Distribution of major interfluvial Wetland formations and documented peatlands in the Amazon Basin.
The Amazon basin contains the largest wetlands system,~1,000,000 km2 , releasing greenhouse gases (GHG) such as methane (CH4) in the order of 1.73 to 21 Tg CH4 y-1. Peatlands in the tropics were previously thought to be limited to south Asia and not in the Amazon rainforest. The misconception that conditions in the Amazon are not conductive to high OC accumulation has been put to rest by the recent discovery of over 295 peatland formations reaching depths of up to nine meters of OC in the Pastaza-Marañon region of the Peruvian Amazon.
Fieldwork measuring total carbon content has shown a major unreported OC repository (3-6 Gt). We have recently recorded levels of GHG’s emissions (CH4, N2O, CH4), environmental variables and microbial composition finding strong variability within and among Amazon peatlands.
In this research we study a set of sites ecologically variable yet representative of the peatland types in the region. Evaluations of C stocks, primary productivity rates, GHG fluxes, responses to water table manipulation, and microbial activity are considered by our projects primary testing hypothesis on the ecological drivers and sensitivity C and N stocks and GHG fluxes to environmental change. The functional connections between plant composition and dynamics, site geochemistry/hydrology, tropical climate, microbial guilds affecting C and N cycling are been evaluated in an integrative manner.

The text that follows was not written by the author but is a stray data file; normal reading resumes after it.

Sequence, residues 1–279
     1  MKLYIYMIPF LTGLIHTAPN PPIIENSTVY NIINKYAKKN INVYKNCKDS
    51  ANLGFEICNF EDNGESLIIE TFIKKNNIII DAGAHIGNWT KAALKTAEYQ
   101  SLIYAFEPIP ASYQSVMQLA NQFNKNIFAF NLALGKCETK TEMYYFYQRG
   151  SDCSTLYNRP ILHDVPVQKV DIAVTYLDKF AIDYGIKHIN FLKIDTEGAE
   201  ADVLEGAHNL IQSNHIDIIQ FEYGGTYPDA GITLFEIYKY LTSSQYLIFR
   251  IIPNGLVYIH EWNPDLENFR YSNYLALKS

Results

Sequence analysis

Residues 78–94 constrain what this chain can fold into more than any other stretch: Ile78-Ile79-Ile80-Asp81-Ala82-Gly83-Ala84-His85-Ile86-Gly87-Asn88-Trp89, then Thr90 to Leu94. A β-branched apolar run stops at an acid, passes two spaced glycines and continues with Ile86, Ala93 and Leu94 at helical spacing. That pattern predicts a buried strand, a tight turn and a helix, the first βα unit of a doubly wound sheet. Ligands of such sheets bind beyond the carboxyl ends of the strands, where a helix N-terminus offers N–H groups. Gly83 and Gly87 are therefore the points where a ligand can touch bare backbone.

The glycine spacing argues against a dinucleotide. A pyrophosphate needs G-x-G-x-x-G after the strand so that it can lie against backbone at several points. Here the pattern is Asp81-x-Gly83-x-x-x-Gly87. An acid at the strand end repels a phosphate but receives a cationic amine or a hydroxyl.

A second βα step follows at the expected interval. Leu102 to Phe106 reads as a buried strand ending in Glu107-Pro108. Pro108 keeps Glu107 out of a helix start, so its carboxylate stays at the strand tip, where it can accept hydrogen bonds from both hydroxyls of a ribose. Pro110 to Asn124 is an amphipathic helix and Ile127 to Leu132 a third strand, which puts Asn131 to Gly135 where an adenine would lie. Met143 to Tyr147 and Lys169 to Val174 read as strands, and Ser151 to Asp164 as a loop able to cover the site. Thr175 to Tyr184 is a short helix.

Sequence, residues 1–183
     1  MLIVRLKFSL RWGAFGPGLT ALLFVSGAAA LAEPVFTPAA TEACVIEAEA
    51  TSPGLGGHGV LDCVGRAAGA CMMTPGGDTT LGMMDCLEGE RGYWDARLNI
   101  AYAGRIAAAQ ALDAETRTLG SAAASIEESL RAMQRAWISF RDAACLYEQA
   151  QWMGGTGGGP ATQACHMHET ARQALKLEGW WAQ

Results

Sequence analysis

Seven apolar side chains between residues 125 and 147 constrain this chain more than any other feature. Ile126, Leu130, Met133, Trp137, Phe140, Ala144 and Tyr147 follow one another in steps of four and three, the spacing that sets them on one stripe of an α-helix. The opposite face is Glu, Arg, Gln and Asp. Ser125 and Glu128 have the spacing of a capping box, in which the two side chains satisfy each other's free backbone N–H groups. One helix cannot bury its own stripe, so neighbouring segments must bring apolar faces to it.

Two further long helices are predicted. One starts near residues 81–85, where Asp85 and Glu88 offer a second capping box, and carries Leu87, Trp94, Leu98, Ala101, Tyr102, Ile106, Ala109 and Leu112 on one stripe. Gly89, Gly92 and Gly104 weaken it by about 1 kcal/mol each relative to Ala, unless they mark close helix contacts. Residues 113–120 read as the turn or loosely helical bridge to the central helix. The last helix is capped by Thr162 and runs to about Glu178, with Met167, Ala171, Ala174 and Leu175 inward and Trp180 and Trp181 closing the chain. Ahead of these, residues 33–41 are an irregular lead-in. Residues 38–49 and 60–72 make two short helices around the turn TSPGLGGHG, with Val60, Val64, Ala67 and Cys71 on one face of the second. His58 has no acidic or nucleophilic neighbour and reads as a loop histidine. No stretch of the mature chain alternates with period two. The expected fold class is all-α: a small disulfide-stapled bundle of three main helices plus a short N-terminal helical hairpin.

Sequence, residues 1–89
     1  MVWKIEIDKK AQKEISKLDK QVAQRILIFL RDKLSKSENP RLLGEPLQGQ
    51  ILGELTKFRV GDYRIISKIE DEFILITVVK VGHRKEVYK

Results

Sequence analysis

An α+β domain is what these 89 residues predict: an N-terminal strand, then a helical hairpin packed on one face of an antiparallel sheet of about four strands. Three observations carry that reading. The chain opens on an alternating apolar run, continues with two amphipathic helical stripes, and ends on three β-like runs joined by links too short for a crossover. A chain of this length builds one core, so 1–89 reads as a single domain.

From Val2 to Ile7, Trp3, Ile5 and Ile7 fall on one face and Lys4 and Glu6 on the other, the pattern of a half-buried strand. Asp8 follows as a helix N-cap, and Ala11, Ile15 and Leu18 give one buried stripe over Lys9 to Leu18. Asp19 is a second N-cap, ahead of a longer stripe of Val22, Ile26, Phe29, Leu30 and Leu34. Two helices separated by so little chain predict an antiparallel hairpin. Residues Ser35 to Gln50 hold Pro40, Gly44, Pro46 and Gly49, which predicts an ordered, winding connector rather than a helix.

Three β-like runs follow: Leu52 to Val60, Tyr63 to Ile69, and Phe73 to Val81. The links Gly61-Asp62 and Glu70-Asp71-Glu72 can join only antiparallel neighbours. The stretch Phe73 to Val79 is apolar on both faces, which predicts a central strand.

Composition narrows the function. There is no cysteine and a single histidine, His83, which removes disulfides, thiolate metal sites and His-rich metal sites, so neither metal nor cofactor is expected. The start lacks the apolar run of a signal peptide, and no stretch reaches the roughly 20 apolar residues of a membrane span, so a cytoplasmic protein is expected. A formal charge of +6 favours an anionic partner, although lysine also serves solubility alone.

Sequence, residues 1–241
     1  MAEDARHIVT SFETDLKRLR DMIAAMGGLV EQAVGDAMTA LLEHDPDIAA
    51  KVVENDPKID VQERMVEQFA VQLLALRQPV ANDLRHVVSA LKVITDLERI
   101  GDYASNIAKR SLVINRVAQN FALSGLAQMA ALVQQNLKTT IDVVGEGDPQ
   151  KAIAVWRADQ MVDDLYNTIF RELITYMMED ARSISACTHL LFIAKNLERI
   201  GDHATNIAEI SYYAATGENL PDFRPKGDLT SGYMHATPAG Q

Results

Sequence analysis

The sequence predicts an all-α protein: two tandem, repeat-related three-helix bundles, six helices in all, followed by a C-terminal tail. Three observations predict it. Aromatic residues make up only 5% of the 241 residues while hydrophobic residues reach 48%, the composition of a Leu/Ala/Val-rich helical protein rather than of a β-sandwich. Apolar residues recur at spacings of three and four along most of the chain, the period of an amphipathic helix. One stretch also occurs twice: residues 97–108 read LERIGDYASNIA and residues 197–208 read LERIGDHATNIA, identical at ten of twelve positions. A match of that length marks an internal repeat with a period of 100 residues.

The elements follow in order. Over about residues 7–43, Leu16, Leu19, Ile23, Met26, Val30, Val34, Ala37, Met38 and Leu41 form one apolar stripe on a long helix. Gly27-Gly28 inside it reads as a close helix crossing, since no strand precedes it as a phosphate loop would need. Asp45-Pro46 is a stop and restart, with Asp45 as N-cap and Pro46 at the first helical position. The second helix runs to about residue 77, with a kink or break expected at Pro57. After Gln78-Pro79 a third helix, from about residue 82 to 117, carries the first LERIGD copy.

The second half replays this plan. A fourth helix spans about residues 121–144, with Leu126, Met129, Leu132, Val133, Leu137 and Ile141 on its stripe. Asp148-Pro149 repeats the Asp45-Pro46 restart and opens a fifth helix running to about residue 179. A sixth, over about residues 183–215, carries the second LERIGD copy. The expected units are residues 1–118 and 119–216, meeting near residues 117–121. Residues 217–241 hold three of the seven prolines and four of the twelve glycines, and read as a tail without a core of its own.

We actively seek for collaborators with a broad range of complimentary experiences, backgrounds and interests including tropical forest geochemistry, tropical peatland ecology and management, forest ecology, climate modeling, forest management and microbial meta-omics.Currently we collaborate with faculty and researchers from University of Arizona, Purdue University, Lawrence Berkeley National Laboratory, University of Leeds and the Peruvian Amazon Research institute.